At what precise date Saint-Germain became an intimate of Louis XV., the Duc de Choiseul, Madame de Pompadour, and the Marechal de Belle-Isle, one cannot ascertain. The writers of memoirs are the vaguest of mortals about dates; only one discerns that Saint-Germain was much about the French Court, and high in the favor of the King, having rooms at Chambord, during the Seven Years’ War, and just before the time of the peace negotiations of 1762-1763. The art of compiling false or forged memoirs of that period was widely practiced; but the memoirs of Madame du Hausset, who speaks of Saint-Germain, are authentic. She was the widow of a poor man of noble family, and was one of two femmes de chambre of Madame de Pompadour. Her manuscript was written, she explains, by aid of a brief diary which she kept during her term of service. One day M. Senac de Meilhan found Madame de Pompadour’s brother, M. de Marigny, about to burn a packet of papers. “It is the journal,” he said, “of a femme de chambre of my sister, a good, kind woman.” De Meilhan asked for the manuscript, which he later gave to Mr. Crawford, one of the Kilwinning family, in Ayrshire, who later helped in the escape of Louis XVI. and Marie Antoinette to Varennes, where they were captured. With the journal of Madame du Hausset were several letters to Marigny on points of historical anecdote.
One of these gives Madame de Vieux-Maison as the author of a roman a clef, Secret Memoirs of the Court of Persia, which contains an early reference to the Man in the Iron Mask (died 1703). The letter-writer avers that D’Argenson, the famous minister of Louis XV., said that the Man in the Iron Mask was really a person fort peu de chose, ‘of very little account,’ and that the Regent d’Orleans was of the same opinion. This corroborates my theory, that the Mask was merely the valet of a Huguenot conspirator, Roux de Marsilly, captured in England, and imprisoned because he was supposed to know some terrible secret—which he knew nothing about. See The Valet’s Tragedy, Longmans, 1903.
Crawford published the manuscript of Madame du Hausset, which he was given by de Meilhan, and the memoirs are thus from an authentic source. The author says that Louis XV. was always kind to her, but spoke little to her, whereas Madame de Pompadour remarked, “The King and I trust you so much that we treat you like a cat or a dog, and talk freely before you.”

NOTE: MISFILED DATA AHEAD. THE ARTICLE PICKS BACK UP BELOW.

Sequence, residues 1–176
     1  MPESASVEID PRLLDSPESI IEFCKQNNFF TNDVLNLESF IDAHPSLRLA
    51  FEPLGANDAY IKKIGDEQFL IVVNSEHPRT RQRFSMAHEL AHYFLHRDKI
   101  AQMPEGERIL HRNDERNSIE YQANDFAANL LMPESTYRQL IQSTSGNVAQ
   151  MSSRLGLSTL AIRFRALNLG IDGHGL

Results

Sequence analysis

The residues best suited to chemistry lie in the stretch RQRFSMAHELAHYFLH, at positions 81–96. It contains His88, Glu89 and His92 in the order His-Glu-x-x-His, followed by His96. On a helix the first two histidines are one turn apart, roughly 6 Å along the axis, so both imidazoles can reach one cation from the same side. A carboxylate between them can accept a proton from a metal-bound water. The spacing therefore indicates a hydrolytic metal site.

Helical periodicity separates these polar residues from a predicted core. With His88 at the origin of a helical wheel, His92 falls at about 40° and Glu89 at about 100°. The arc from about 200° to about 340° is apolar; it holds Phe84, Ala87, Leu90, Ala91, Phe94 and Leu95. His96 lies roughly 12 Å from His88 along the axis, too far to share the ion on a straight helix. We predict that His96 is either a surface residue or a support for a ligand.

As to Saint-Germain, Madame du Hausset writes: “A man who was as amazing as a witch came often to see Madame de Pompadour. This was the Comte de Saint-Germain, who wished to make people believe that he had lived for several centuries. One day Madame said to him, while at her toilet, “What sort of man was Francis I., a king whom I could have loved?” “A good sort of fellow,” said Saint-Germain;
“too fiery—I could have given him a useful piece of advice, but he would not have listened.” He then described, in very general terms, the beauty of Mary Stuart and La Reine Margot. “You seem to have seen them all,” said Madame de Pompadour, laughing. “Sometimes,” said Saint-Germain, “I amuse myself, not by making people believe, but by letting them believe, that I have lived from time immemorial.” “But you do not tell us your age, and you give yourself out as very old. Madame de Gergy, who was wife of the French ambassador at Venice fifty years ago, I think, says that she knew you there, and that you are not changed in the least.” “It is true, Madame, that I knew Madame de Gergy long ago.” “But according to her story you must now be over a century old.” “It may be so, but I admit that even more possibly the respected lady is in her dotage.”
At this time Saint-Germain, says Madame du Hausset, looked about fifty, was neither thin nor stout, seemed clever, and dressed simply, as a rule, but in good taste. Say that the date was 1760, Saint-Germain looked fifty; but he had looked the same age, according to Madame de Gergy, at Venice, fifty years earlier, in 1710. We see how pleasantly he left Madame de Pompadour in doubt on that point.
He pretended to have the secret of removing flaws from diamonds. The King showed him a stone valued at 6,000 francs—without a flaw it would have been worth 10,000. Saint-Germain said that he could remove the flaw in a month, and in a month he brought back the diamond—flawless. The King sent it, without any comment, to his jeweler, who gave 9,600 francs for the stone, but the King returned the money, and kept the gem as a curiosity. Probably it was not the original stone, but another cut in the same fashion, Saint-Germain sacrificing 3,000 or 4,000 francs to his practical joke.
He also said that he could increase the size of pearls, which he could have proved very easily—in the same manner. He would not oblige Madame de Pompadour by giving the King an elixir of life: “I should be mad if I gave the King a drug.” There seems to be a reference to this desire of Madame de Pompadour in an unlikely place, a letter of Pickle the Spy to Mr. Vaughan (1754)! This conversation Madame du Hausset wrote down on the day of its occurrence.
Both Louis XV. and Madame de Pompadour treated Saint-Germain as a person of consequence. “He is a quack, for he says he has an elixir,” said Dr. Quesnay, with medical skepticism. “Moreover, our master, the King, is obstinate; he sometimes speaks of Saint-Germain as a person of illustrious birth.”